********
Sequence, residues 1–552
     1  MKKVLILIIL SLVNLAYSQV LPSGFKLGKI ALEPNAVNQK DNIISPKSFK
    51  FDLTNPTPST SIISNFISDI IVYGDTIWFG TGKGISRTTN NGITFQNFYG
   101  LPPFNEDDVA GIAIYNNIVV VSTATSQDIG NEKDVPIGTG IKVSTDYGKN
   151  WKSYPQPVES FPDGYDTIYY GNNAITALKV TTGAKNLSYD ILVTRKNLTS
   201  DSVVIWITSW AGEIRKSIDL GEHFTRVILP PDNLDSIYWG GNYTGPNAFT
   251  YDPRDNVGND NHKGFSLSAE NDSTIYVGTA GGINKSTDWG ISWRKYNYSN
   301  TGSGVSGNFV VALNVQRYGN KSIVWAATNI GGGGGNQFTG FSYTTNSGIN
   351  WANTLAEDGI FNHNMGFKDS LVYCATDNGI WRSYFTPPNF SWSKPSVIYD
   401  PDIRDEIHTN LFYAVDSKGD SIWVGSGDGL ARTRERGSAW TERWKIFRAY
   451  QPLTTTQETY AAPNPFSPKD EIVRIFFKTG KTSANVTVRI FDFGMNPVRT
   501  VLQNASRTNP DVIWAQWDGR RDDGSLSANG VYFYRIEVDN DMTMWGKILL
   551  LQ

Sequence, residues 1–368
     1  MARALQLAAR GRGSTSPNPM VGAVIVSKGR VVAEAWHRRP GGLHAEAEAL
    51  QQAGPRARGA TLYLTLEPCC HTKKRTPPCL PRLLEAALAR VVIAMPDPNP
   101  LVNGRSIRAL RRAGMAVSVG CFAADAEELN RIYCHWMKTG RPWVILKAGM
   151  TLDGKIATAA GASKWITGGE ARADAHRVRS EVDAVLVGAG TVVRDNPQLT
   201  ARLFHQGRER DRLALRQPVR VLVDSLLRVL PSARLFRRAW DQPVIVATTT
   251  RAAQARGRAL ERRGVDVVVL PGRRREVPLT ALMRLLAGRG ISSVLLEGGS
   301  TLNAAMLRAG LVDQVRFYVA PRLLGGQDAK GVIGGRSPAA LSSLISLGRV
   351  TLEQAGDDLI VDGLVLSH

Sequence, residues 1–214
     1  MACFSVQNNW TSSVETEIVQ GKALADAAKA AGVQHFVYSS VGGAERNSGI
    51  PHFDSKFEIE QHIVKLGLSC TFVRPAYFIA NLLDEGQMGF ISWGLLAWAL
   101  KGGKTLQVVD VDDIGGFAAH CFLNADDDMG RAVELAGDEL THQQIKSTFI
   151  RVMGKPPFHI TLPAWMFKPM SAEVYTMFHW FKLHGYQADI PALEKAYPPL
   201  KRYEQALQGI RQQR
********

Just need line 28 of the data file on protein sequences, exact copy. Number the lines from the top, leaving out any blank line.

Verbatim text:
   201  KRYEQALQGI RQQR